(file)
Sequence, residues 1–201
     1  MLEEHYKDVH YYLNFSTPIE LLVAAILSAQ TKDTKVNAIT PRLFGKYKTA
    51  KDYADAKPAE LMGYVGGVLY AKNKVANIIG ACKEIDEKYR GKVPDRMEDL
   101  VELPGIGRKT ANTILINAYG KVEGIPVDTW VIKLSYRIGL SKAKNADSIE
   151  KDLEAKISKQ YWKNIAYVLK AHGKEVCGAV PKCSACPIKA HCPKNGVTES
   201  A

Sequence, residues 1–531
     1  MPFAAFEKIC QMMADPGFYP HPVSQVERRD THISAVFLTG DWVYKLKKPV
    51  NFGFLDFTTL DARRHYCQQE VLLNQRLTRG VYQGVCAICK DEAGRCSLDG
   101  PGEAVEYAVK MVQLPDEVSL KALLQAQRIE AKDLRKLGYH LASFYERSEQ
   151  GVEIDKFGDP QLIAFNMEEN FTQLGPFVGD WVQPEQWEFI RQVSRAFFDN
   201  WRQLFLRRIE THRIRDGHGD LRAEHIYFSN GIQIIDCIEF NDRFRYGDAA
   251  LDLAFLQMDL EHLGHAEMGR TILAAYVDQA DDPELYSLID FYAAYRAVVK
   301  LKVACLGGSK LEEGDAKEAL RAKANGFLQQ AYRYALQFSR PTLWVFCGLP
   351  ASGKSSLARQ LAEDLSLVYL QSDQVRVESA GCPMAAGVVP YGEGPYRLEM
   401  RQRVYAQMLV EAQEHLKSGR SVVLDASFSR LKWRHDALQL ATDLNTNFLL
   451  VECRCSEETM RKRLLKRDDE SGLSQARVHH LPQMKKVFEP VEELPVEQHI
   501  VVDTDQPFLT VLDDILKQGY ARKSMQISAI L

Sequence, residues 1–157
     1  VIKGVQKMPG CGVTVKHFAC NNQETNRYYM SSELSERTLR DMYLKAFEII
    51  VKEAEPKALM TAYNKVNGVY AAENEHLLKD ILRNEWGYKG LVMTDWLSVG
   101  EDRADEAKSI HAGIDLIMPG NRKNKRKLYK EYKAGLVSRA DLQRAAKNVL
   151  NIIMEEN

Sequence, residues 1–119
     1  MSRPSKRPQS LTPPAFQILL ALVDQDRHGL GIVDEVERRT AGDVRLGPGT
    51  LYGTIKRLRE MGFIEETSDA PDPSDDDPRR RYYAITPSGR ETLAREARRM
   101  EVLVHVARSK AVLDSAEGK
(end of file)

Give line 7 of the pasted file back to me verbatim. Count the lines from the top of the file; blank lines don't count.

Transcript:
Sequence, residues 1–531